Full text: Ownership as interpersonal dominance

of mental association. In Hutcheson’s instinct theory, as In the writings of Shaftesbury and 
Butler before him, altruism derives from innate social tendencies rather than from egotism 
{Drever, 1917). More importantly, the desire for property and power is not a primary instinct, but 
arises secondarily through the association of ideas. 
This last point was most important to Hume. Though noted in political philosophy for his 
argument that the state and law are merely conventional and should serve social utility 
(Schlatter, 1951), Hume argued that the instinctive, perpetual, universal desire for possessions 
is counterbalanced by the natural law of abstinence from the possessions of others (Hill, 1963). 
Based on his radical empiricism and the association of ideas, he argued that people want to 
maintain the cognitive comfort and utility of their established associations of ideas: 
Such is the effect of custom that it not only reconciles us to anything that we have long 
enjoyed, but even gives us an affection for it, makes us prefer it to other objects which may 
be more valuable, but are less well known to us. What has long lain under our eye and has 
often been employed to our advantage, that we are always most unwilling to part with; but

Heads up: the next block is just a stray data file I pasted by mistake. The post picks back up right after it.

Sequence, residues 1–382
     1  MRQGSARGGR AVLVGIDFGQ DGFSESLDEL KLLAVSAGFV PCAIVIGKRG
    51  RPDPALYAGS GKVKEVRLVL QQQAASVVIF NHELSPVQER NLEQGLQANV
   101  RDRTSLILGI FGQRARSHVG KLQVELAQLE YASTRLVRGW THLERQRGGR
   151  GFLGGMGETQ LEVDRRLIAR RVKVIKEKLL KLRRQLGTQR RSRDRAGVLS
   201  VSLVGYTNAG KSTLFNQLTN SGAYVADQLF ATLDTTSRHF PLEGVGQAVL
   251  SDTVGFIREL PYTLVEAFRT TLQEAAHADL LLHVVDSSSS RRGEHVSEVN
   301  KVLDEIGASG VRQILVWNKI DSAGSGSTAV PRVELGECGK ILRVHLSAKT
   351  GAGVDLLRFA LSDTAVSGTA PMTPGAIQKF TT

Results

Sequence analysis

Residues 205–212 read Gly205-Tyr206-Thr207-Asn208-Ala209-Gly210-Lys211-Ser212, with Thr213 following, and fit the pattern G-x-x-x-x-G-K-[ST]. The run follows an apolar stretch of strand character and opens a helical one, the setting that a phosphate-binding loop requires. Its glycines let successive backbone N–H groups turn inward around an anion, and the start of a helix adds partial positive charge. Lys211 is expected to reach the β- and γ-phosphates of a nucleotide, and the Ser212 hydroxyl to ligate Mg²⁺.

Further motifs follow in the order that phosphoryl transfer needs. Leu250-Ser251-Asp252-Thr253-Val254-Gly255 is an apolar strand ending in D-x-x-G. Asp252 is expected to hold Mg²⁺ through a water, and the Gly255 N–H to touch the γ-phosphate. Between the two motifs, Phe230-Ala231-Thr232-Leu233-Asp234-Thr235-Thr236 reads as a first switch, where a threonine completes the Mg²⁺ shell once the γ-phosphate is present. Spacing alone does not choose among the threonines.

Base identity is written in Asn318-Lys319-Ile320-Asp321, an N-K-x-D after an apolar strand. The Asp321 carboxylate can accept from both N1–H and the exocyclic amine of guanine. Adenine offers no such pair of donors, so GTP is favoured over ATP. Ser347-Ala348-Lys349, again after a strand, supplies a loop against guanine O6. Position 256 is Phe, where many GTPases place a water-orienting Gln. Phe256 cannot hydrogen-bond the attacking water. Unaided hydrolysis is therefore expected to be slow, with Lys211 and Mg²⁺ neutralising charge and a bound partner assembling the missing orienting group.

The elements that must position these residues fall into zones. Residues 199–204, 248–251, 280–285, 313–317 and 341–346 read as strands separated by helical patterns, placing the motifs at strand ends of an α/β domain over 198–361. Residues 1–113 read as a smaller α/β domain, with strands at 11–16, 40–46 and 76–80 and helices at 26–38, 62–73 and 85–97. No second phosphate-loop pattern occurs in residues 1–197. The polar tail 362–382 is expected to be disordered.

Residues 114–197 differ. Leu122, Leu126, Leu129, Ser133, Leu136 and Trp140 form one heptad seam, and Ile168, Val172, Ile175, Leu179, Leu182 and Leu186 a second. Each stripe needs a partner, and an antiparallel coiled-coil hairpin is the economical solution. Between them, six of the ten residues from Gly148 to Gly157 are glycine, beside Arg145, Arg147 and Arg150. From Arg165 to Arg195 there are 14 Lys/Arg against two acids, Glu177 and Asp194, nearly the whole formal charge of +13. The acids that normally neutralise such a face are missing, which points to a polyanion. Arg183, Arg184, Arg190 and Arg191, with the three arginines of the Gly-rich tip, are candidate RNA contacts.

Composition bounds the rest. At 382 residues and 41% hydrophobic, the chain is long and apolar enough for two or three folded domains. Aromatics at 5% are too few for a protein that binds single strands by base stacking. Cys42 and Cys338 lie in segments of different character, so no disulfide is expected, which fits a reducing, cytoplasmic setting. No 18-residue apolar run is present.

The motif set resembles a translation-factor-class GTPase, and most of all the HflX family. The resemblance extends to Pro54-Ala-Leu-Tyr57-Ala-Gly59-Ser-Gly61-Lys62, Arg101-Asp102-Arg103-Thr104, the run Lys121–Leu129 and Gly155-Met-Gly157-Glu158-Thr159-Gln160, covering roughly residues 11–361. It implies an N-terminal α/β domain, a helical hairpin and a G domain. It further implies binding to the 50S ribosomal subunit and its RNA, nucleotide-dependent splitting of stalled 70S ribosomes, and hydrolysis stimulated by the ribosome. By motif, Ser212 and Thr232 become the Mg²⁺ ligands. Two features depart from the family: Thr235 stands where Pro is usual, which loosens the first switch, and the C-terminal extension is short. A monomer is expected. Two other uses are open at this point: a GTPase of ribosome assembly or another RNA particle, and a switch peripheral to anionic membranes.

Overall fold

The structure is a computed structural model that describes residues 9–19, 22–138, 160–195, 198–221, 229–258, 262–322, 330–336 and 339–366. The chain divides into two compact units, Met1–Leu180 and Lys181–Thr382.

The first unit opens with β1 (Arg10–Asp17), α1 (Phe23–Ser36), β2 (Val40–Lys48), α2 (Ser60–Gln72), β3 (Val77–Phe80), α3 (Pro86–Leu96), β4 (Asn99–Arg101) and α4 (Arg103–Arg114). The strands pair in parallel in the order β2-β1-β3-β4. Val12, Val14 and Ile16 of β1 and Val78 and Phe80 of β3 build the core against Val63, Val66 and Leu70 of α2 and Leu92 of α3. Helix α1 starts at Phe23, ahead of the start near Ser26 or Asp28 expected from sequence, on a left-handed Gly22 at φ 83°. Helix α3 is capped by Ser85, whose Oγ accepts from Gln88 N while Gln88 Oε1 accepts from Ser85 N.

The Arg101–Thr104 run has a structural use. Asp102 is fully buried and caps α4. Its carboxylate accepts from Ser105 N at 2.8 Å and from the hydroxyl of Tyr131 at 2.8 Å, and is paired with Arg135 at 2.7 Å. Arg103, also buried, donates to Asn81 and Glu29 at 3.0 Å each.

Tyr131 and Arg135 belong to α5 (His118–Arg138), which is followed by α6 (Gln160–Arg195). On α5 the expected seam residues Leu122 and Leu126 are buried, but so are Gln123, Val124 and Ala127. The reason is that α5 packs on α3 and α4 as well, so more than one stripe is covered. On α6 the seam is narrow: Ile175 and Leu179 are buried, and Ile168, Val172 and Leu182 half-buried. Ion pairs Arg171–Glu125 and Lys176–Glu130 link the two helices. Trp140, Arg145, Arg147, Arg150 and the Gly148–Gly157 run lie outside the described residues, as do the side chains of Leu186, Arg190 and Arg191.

can easily live without possessions which we never have enjoyed and are not accustomed 
to. itis evident, therefore, that men would easily acquiesce in this expedient that every one 
continue to enjoy what he is at the present possessed of. (Hume, 1739/1962, p. 71) 
Finally, like Hutcheson before him and Adam Smith after, Hume described a natural sympathy 
between people which was the basis of altruism (Drever, 1917), 
Dugald Stewart consolidated much of the eighteenth century psychology of property. 
First, he argued that property had multiple psychological foundations: 
...general utility [and] natural justice are two principles which, when properly understood, 
are, | believe, always in harmony with each other...the same effect is accomplished in the 
multitude by habit and the association of ideas; in consequence of which all the 
inequalities of fortune are sanctioned by mere prescription; and long possession is 
conceived to found a right of property as complete as what, by the law of nature, an 
individual has in the fruits of his own industry. (Stewart, in Schlatter, 1951, p. 173) 
More particularly, Stewart considered exclusive possession and ownership to be motivated by 
the desire for power: 
The idea of power is, partly at least, the foundation of our attachment to property. It is not 
enough for us to have the use of an object. We desire to have it completely at our disposal; 
without being responsible to any person whatever. (Stewart, 1829, p. 410) 
The eighteenth century closed with major political revolutions in America and in France. 
Both of these were buttressed in part by appeal to natural law theories of property. Schlatter 
(1951) has argued that when private property regimes eventually re-emerged, natural law 
explanations of property were suspect within political philosophy. This demise was 0 ETY 
noted by McKeon (1938):

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